There have been 51 PSA 10s.

Counterfeits have also been uncovered of Lemieux's Topps rookies. Hobby experts say one way to discern a fake is by examining the Penguins logo on the top-right corner. Under magnification, this logo should showcase solid black coloring. If the colors appear dotted, the card is likely a counterfeit.

1985 O-Pee-Chee and Topps Box Bottom cards

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The bottoms of the 1985 O-Pee-Chee and Topps wax boxes feature one of four, four-player panels. Lemieux is showcased on a panel with John Ogrodnick, Gilbert Perreault and Glenn Resch.

"The early box bottom cards are definitely the toughest, in my opinion," said Peter J.T. Leonard, who has assembled the registry's No. 5 Current Finest Lemieux Master Set. "Most of the boxes were tossed out, and the majority of the remaining boxes were beat up. [Furthermore,] most people seem to cut the cards below 2-1/2" inches by 3-1/2" inches in size, which only permits them to qualify for a ‘PSA Authentic' designation. The problem is that it's tough to obtain more than one nicely-cut card per box bottom. If you try to get four cards from a box bottom, then it is likely that none of the four cards will be nicely cut."

Of the 65 O-Pee-Chee Box Bottom Lemieux cards submitted, there have been four PSA 9s (with nothing grading higher).

The 1985 Topps Box Bottom Lemieux is similarly difficult to find in pristine condition. Just four PSA 9s exist and no PSA 10s.

1986 O-Pee-Chee #122

Some hobbyists contend that Lemieux's second-year O-Pee-Chee single is more elusive in flawless form than his rookie.

"His second-year card is especially difficult to find centered," said Giobbe.

Of the 460 evaluated, 146 cards are PSA 8s, two are PSA NM-MT+ 8.5s, 44 are PSA 9s and only eight are PSA 10s.

"The cards in the 1986 O-Pee-Chee regular set are generally tough [to uncover] in PSA 10, and centering is the issue," noted Leonard. "That year's design seems to make a card look off-center even when it is not."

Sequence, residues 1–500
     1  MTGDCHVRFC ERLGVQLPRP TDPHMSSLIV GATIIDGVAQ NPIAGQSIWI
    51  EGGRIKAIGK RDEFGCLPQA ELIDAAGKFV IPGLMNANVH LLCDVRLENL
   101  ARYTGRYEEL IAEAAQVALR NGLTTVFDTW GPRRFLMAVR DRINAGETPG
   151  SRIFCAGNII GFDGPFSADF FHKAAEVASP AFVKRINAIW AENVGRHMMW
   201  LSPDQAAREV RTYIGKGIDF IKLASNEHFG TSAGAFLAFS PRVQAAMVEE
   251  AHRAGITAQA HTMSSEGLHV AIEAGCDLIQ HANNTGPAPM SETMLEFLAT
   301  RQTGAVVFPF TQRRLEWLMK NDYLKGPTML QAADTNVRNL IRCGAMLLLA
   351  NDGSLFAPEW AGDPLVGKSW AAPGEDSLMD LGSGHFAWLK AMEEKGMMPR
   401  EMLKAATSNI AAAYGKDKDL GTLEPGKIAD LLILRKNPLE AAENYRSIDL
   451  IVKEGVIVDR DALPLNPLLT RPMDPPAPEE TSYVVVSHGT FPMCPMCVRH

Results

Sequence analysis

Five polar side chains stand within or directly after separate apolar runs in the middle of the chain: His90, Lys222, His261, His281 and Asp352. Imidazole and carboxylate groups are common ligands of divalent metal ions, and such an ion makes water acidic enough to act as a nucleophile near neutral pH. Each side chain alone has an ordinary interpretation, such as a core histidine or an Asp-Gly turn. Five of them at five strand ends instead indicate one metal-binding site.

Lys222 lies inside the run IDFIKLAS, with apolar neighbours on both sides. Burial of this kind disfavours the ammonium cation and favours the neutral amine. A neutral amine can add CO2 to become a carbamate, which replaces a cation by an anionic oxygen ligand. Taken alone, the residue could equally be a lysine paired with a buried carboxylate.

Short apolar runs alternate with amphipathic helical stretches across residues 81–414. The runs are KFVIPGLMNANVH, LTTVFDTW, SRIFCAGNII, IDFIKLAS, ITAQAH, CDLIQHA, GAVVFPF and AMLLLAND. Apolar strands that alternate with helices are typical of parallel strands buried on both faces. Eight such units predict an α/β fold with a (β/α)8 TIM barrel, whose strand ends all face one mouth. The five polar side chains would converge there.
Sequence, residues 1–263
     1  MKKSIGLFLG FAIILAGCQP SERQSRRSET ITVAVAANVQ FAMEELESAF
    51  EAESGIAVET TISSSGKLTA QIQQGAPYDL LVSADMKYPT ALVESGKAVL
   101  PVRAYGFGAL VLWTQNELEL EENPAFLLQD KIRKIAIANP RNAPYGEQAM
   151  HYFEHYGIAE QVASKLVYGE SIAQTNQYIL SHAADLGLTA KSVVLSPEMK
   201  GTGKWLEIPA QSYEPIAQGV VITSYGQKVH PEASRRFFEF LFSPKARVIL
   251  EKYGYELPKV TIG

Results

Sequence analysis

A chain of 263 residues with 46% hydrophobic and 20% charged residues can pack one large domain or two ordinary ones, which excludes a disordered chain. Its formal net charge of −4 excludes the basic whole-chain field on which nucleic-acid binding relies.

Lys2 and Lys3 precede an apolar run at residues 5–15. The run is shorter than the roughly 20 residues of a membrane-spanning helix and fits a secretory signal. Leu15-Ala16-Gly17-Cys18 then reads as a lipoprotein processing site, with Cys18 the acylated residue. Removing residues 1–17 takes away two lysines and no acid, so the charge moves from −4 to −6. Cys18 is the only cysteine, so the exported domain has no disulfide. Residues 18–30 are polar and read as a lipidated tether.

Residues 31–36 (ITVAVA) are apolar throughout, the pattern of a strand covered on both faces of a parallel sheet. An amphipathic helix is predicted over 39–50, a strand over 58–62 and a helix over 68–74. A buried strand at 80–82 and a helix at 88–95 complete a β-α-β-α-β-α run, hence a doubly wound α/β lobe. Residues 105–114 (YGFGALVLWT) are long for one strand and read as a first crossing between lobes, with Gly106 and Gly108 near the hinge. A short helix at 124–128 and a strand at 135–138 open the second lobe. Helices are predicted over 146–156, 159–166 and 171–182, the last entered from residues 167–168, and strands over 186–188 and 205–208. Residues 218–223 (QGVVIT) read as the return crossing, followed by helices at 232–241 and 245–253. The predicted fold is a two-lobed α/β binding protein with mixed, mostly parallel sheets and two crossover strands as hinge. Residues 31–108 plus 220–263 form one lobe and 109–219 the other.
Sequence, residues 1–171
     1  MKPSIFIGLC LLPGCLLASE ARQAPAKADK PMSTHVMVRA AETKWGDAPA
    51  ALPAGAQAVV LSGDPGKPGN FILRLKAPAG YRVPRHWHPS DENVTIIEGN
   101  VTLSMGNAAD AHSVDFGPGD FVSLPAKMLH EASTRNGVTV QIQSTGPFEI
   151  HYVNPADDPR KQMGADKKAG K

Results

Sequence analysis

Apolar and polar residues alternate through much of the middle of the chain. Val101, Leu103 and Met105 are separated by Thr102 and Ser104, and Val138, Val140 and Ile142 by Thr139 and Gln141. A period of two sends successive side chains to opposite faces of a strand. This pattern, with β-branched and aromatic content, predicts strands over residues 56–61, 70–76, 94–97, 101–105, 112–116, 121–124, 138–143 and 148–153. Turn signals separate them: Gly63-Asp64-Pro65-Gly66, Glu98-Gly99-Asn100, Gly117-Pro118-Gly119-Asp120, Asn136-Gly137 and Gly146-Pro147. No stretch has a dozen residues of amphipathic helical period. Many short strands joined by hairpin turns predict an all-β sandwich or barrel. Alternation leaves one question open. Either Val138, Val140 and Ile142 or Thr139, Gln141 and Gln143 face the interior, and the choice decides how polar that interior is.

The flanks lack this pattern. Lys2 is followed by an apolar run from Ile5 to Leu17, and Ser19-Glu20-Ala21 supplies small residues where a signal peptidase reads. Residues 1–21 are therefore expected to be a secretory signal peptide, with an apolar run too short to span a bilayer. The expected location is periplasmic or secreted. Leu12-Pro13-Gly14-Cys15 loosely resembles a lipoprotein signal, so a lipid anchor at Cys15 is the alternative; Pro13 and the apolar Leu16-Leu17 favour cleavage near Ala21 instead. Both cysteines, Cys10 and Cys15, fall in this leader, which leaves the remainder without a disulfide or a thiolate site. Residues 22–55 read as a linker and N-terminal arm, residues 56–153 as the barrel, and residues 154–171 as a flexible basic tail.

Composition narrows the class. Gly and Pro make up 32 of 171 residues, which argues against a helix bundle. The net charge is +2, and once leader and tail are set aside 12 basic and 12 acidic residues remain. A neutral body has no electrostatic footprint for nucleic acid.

1996 Select Certified Mirror Gold #10

Each of the 120 cards in the regular 1996 Select Certified set was also produced in a limited gold parallel version. The gold backgrounds on these cards distinguish them from the regular singles. One card from the Mirror Gold series was included in every 300 packs of the regular Select Certified product, so it's estimated that no more than 25 of the Mirror Gold Lemieux cards were manufactured. Seven Mirror Gold Lemieux singles have been submitted to PSA and five of them have been deemed PSA 10s.

1999 Upper Deck Century Legends - Jerseys of the Century Signed #JC5

This card carries the highest weighting in the Lemieux Master Set. One of the six-cards in the Jerseys of the Century offering was inserted in every 475, 1999 Upper Deck Century Legends packs. Lemieux signed 25 cards for this issue and only two have been graded by PSA, with a PSA 8 being the highest grade to date.

2001 Topps Mario Lemieux Returns Autographs (MR1 to MR5)

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Sixty-six of each of the five cards that comprise this insert set were signed by Lemieux to commemorate his 2000-01 comeback.

"The excitement of that game was so deeply embedded in my memory that I was obsessed with getting this set," said Bidelman, who was at Lemieux's comeback game on December 27, 2000. "Mario autographed 66 of each card. There are cards MR1 through MR5 and they were randomly inserted into [Topps Hockey] boxes."

It took Bidelman years to track down all five cards.

"I think these are the rarest Lemieux items I own," said Bidelman, "because even though there are 66 of each of them, I've only seen six or eight of them in total."


Please feel free to contact Kevin Glew at [email protected] if you have any additional information or comments. Thanks to Tim Parish, Mike Giobbe, Chris Elias, Peter J.T. Leonard and Todd Bidelman for providing the images to go with this article. Thanks also to Bobby Burrell for his assistance on this article. Please note that the Population Report figures quoted and Set Registry rankings reported are those as of May 2015.